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A fuel cell is a power generation solution which generates electricity—and, in many cases, heat—through an electrochemical process called oxidation, which involves the interaction between hydrogen (or hydrogen-containing fuel) with oxygen.

Diagram of how a fuel cell works

How Fuel Cells Work


Fuel containing hydrogen is channeled to the anode where a catalyst would split the hydrogen atoms into positive hydrogen ions (protons) and negatively charged electrons.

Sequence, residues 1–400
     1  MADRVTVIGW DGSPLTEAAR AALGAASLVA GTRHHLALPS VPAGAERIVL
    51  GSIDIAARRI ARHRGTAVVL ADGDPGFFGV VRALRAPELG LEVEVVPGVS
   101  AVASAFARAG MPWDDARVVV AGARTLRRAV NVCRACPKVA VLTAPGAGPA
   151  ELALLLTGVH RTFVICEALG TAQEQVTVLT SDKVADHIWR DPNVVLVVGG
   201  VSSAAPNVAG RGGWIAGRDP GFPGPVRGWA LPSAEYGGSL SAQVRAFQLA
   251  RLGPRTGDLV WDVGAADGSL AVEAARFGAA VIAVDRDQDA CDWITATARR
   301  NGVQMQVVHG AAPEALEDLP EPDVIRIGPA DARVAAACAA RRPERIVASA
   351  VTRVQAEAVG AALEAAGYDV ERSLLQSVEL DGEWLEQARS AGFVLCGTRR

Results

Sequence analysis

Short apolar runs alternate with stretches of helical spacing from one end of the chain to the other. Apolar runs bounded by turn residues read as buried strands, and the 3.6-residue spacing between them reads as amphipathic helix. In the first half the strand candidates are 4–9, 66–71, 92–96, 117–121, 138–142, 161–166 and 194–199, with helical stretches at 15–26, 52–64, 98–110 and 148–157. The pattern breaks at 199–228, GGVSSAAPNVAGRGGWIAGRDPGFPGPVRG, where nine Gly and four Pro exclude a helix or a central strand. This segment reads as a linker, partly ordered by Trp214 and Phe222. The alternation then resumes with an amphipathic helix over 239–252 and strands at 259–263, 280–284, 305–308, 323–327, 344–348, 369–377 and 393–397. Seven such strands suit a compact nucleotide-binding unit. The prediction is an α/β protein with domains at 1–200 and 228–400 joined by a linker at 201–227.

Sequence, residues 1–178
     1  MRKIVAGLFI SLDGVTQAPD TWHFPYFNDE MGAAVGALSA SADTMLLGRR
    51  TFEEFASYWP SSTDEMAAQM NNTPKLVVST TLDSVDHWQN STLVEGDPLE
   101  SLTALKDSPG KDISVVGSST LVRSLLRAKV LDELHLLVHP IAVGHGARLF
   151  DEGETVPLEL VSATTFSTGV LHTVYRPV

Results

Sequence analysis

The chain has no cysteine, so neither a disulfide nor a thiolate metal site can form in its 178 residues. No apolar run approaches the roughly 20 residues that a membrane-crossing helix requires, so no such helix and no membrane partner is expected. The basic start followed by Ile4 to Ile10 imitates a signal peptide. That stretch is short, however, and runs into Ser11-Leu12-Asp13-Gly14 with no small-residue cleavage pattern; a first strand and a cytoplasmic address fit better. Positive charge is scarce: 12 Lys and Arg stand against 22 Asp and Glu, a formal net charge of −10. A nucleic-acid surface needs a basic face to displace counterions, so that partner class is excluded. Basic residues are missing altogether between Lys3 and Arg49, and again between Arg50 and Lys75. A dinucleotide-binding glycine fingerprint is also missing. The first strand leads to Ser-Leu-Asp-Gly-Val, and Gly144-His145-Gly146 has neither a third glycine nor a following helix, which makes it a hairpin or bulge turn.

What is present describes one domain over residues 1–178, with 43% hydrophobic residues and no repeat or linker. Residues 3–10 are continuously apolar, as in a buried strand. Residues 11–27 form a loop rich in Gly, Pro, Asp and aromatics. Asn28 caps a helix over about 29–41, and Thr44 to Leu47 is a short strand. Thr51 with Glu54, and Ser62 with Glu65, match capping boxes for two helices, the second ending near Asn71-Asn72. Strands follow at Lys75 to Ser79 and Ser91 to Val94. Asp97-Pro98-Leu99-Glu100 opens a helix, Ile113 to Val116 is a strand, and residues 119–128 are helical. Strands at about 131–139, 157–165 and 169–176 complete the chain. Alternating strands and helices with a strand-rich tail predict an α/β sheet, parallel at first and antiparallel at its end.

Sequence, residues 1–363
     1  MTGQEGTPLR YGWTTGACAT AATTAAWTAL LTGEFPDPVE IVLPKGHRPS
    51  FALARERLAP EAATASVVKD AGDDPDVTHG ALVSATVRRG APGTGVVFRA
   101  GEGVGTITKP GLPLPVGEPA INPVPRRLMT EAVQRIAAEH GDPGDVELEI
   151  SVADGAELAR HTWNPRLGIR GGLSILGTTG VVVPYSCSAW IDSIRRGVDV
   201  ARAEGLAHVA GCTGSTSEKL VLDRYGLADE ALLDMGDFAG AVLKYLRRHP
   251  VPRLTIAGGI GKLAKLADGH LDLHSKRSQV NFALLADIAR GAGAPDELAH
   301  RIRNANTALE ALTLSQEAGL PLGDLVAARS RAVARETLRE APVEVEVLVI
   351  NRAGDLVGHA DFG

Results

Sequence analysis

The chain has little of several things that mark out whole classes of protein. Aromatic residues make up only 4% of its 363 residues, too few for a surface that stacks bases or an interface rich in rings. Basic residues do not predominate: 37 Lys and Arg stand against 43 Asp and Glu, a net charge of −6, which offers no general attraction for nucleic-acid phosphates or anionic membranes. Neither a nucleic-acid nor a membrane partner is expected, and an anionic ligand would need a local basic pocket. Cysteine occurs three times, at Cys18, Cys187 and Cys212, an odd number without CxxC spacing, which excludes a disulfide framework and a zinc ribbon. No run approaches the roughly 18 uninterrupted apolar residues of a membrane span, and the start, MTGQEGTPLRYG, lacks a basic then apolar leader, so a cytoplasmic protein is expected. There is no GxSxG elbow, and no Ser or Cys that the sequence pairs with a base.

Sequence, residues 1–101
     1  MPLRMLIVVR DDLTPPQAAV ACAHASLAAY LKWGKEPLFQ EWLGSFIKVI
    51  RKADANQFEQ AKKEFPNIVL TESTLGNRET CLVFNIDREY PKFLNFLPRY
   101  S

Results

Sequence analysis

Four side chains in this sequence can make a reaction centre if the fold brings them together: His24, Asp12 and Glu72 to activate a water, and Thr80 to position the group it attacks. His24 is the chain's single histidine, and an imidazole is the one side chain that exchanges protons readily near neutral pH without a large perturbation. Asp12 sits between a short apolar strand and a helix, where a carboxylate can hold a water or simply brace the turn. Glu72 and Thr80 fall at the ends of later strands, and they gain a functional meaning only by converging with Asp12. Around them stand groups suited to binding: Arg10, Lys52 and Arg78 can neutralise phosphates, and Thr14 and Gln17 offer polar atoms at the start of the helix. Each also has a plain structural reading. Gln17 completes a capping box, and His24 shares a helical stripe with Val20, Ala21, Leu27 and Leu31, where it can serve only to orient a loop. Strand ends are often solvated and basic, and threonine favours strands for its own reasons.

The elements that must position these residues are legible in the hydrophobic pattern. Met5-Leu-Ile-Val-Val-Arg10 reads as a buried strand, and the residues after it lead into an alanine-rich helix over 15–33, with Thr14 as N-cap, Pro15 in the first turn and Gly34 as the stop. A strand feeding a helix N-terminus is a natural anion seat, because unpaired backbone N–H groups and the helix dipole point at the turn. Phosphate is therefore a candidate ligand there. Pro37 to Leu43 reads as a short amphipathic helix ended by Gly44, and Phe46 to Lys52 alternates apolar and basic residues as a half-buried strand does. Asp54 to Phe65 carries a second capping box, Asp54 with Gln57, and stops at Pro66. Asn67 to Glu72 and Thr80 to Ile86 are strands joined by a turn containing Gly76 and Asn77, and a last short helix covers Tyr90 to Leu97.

The function of the electrolyte is to allow only the hydrogen ions (but not the electrons) to pass through it to the cathode. The hydrogen ions travel from the anode to the cathode through the electrolyte.


At the cathode, the hydrogen ions that pass through electrolyte combine with oxygen in the air to form water.


Electrons travel along an external circuit generating an electrical current.

Molecule 2